You need to be a USAA member to sign up for this service, but you don’t need a USAA credit card.
Experian’s CreditCheck VantageScore is different than the FICO score, but it’s the same scale and your credit scores would be within a few points of each other.
The real value of the credit-scoring service is pointing out where you may be helping or hurting your own credit. My score is apparently a few points lower than it could be due to:
- “Lack of sufficient credit history on bankcard or revolving accounts”
- “Open real estate account balances are too high compared to their original loan amounts”
- Very few loans
- Too many inquiries
In other words I tend to close credit-card accounts that I’m not using (especially when their terms change or I encounter bad customer service) and I’m making the minimum payments on my mortgages. I apparently need to have more credit cards (three is “very few”?!?) but I don’t know who’s making the “too many” inquiries.
The algorithm says that my credit score dropped a few points for each issue.
You’ll see what’s affecting your credit score, and you’ll learn how to improve it. This not only affects the amount of money you can borrow and the lender’s interest rate, but it will also affect your insurance premiums and your ability to rent an apartment or a home. Even better, Experian’s system predicts how much you’d be able to improve your score. A few points might be enough to move you from one borrowing category to another and save you a lot of money on interest rates.
My score is what I expected to see: it’s in Experian’s top “Super prime” category, and a lot higher than the Hawaii state average of 689. (Not that I’m hyper-competitive about it.) I could raise my score by opening a few more credit cards (earning tens of thousands of free frequent flyer miles) but I feel that my financial life is already complicated enough. However I’m going to keep an eye on mortgage rates, because knocking another half-percent off our current interest rates would free up quite a bit more cash.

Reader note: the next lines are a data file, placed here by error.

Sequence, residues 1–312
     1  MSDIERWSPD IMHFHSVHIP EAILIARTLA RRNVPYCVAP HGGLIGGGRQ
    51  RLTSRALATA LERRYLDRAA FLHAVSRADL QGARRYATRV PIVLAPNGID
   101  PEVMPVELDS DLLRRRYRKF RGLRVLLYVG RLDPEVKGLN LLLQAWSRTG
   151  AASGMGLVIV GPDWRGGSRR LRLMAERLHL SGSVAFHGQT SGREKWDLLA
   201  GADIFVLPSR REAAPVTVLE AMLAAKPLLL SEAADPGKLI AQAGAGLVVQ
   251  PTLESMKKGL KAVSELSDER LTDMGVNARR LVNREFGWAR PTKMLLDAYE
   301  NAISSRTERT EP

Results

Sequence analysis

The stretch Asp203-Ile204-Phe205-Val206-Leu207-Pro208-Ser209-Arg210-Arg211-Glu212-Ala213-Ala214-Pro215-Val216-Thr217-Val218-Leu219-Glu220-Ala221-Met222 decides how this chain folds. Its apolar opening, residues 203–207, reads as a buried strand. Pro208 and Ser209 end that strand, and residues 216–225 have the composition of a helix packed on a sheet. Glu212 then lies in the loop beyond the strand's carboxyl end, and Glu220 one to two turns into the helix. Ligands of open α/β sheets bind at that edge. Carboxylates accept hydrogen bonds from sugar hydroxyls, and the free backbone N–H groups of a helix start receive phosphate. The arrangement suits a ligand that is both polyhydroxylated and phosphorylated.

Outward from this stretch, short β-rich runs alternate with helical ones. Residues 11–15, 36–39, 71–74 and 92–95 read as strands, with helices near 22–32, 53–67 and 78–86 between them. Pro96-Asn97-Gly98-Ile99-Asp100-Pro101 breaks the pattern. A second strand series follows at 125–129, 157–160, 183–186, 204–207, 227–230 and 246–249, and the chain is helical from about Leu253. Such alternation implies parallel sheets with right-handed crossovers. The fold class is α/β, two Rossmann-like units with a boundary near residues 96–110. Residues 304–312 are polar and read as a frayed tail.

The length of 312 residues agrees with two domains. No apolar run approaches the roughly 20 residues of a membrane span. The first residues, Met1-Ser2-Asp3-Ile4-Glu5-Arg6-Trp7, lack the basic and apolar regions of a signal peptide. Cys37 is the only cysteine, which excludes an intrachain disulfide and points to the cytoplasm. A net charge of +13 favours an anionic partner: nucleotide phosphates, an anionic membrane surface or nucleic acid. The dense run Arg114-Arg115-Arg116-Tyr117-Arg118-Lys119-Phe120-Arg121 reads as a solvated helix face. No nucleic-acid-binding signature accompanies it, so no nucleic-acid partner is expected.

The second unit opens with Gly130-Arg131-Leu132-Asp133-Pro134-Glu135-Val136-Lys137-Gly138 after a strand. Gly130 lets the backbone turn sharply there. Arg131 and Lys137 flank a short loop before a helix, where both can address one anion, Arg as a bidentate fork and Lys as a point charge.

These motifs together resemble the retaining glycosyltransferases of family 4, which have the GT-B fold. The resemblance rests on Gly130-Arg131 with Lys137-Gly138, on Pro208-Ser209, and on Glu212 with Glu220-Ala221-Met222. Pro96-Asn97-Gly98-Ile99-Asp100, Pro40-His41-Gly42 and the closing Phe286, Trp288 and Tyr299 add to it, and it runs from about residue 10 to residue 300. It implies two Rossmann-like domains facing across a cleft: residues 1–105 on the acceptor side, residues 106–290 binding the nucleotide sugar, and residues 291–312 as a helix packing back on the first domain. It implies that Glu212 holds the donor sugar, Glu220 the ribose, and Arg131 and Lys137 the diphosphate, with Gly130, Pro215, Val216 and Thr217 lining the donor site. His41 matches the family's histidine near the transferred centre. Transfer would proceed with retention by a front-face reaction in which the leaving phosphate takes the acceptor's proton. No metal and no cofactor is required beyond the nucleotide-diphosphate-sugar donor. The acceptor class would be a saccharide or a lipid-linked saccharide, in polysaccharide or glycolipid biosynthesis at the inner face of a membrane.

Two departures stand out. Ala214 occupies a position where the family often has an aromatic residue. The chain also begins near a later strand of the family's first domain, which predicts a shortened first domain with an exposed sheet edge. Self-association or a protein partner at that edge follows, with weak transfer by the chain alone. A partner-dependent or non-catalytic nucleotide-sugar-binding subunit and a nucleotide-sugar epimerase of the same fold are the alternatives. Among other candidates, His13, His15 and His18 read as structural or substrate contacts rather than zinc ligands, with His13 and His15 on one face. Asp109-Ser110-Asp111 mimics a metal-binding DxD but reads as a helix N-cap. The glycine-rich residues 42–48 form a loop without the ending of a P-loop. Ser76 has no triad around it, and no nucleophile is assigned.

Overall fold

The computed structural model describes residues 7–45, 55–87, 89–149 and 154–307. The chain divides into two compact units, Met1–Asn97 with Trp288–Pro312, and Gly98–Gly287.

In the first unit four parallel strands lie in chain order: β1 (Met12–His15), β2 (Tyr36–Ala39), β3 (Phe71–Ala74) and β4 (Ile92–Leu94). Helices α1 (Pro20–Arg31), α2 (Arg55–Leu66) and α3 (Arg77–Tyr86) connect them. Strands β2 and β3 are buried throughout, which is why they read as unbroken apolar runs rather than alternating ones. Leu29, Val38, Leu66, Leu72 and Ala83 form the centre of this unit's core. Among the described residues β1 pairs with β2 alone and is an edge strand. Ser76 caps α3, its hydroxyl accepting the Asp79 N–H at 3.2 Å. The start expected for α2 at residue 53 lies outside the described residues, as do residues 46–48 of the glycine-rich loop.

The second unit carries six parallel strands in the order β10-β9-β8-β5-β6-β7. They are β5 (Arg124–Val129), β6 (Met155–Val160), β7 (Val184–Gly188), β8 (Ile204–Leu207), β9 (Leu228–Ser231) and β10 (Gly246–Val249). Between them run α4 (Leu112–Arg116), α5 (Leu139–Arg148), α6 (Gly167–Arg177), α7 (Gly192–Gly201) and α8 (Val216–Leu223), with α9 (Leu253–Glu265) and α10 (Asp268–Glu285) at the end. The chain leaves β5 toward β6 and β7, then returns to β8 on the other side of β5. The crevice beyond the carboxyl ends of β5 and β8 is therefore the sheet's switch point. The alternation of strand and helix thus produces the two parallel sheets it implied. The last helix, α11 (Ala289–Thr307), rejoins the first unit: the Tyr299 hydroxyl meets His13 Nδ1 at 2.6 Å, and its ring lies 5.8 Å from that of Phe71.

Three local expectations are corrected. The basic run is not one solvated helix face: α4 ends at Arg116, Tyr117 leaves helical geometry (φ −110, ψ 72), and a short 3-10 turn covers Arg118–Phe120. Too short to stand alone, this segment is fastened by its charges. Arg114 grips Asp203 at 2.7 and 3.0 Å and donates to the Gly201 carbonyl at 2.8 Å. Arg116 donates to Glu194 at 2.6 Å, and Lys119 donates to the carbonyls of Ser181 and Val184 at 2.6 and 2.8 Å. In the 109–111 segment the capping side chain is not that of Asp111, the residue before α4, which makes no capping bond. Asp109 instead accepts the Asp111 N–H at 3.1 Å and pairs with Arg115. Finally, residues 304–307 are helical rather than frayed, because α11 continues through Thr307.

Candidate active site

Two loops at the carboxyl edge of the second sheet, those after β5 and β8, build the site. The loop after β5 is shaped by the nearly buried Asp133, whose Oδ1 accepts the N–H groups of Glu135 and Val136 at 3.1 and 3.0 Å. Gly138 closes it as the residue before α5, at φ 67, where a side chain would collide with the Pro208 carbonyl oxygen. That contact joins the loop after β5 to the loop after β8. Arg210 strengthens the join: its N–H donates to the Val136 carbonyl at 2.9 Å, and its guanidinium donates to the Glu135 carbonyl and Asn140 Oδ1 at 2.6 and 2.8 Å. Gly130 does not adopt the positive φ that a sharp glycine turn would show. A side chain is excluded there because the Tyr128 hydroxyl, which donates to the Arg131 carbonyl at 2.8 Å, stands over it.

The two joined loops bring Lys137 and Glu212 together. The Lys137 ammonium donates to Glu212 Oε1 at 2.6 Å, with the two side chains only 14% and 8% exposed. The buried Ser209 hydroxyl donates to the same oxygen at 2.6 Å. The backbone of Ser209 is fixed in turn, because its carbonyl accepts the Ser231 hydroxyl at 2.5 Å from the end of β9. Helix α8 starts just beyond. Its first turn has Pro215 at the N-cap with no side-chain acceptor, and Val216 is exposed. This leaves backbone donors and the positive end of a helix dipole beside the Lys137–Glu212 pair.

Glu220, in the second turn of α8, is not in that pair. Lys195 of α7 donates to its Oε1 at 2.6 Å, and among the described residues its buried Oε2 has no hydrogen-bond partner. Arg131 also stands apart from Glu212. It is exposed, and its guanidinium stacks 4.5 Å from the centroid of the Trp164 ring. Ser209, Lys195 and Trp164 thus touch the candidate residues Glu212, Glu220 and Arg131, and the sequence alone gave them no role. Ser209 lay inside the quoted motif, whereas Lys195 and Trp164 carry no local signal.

Experian’s free service also offers a free annual credit report, so that’s one less time you’ll have to visit AnnualCreditReport.com.
A traditional product: member service
Speaking of USAA member services, a couple months ago our 10-year-old car was rear-ended by a hit&run driver. (Nobody was injured and we’re fine.) We reported the other vehicle’s license plate number to the police to confirm that we’re not at fault for anyone else’s damage.
It cost us $500 of hardware to get the car back on the road. (The cosmetic dents could easily cost another $2000 to hammer out, but we’re not fixing those.) We haven’t carried collision insurance in over 30 years, so we’ve saved more than enough money to pay for a busted hatch latch and a bumper mount. I was very impressed by the USAA mobile app– I was able to notify them of the accident in less than 10 minutes, including iPad photos and a collision diagram. I strongly recommend downloading their mobile app on your smartphone or tablet. I hope you never need to use the claims feature, but if you’re stuck on the side of the road then you’ll probably be able to submit your claim before the tow truck shows up.
I’m returning to USAA next month for DigitalMilEx. If you have questions about the products and services described in this post, I can get the answers directly from the program managers. If you have questions about anything else at USAA, I can research those answers too.
Savings Coach (Apple Store) (Google Play)
USAA’s Retirement Planner And Financial Goal-Planning Tools
Hiring Our Heroes: Teaching Employers To Hire Military Veterans And Spouses
DigitalMilEx schedule, topics, and speakers